Immigration compliance has long been at the bottom of a long list of activities for HR professionals and in-house counsel in Australia. While finance, workplace health and safety and other areas of corporate compliance have become foreground issues in the last few decades, immigration has been seen as a background issue with little potential impact on the business.
This view is, however, incorrect. Immigration compliance laws pose the same level of risk to organisations operating in Australia as more well known areas. Reputational risk, financial loss or business litigation, and even criminal penalties for directors and key stakeholders are now prescribed for breaches of immigration laws.
The last decade has seen massive growth in temporary visa holders in the Australian workforce. Almost 1 million temporary visa holders now participate in the labour market and any time an employer seeks to engage an employee or contractor they must conduct immigration checks or be in breach of immigration laws.
How does the immigration compliance portal work?
All Australian organisations have an obligation to only employ staff with the right to work in Australia. In addition, organisations which are registered to sponsor overseas staff for employment under the 482 visa program, or as Temporary Activity sponsors, have additional obligations under immigration laws.
Businesses must ensure they comply with immigration laws or risk facing serious penalties including fines or even imprisonment. In some cases, immigration laws can affect company officers, including directors, CEOs, CFOs, and company secretaries. Some elements of the immigration regime operate on a strict liability basis, meaning that unless organisations take pro-active steps to prevent breach, there may be liability.
Hammond Taylor are a boutique immigration law firm and specialise in corporate immigration solutions. As part of our work we frequently see the gaps in business policy and process when it comes to immigration. We’ve developed a solution, to help businesses resolve these gaps and meet immigration obligations in a cost effective manner, with a minimum of fuss, and maximum efficiency.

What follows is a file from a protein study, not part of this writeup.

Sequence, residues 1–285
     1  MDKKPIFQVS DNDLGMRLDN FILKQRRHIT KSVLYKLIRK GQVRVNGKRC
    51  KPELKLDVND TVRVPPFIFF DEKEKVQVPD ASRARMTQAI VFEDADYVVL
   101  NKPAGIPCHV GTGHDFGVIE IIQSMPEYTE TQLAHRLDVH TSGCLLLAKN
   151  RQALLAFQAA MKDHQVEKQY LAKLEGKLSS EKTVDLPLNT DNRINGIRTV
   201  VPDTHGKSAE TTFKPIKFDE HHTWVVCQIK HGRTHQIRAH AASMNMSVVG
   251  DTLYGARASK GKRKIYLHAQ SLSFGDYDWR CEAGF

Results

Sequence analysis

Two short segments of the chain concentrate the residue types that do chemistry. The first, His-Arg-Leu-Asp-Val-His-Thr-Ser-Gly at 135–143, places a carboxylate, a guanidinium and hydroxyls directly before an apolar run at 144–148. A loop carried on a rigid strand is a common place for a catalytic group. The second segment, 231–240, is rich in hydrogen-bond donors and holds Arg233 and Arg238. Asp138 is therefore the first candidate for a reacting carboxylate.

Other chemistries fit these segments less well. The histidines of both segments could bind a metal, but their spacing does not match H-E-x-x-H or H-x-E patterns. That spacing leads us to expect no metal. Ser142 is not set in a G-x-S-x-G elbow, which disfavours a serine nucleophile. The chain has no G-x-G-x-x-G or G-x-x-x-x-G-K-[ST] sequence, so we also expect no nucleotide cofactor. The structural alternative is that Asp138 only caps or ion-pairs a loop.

Ensuring that your organisation is fully compliant with all immigration laws will:
- Minimise risk of financial harm
- Minimise risk of reputational damage
- Ensure company office bearers and directors are protected
Risk management & mitigation
Compliance with immigration laws is critical for organisations operating in Australia, as past scandals have shown. While penalties for non-compliance are significant, the risk of serious reputational damage is potentially even greater. Much like recent scandals about employee underpayments, there is a real risk that today’s business conduct could be tomorrow’s newspaper headlines.
Civil & Criminal Penalties
The immigration penalty regime includes substantial fines, as well as criminal offences, for breaches of the law. These fines can be up to $50,400 per breach and criminal penalties include up to 2 years’ imprisonment. In addition, the regime operates on a strict liability basis, meaning that organisations must take pro-active steps to prevent breach in order to have a defence. Executive officers may also be liable for organisational breaches.
While these penalties are serious, the ability of immigration non-compliance to garner media attention is perhaps most significant. Some organisations’ have become by-words for immigration abuse and scandal. It is hard to quantify the reputational damage that has occurred to these organisations as a result of a failure to ensure compliance among employees, contractors, stakeholders, and franchisees.
Our immigration toolkit is designed to provide organisations with critical staff training, certification and data management to manage risk.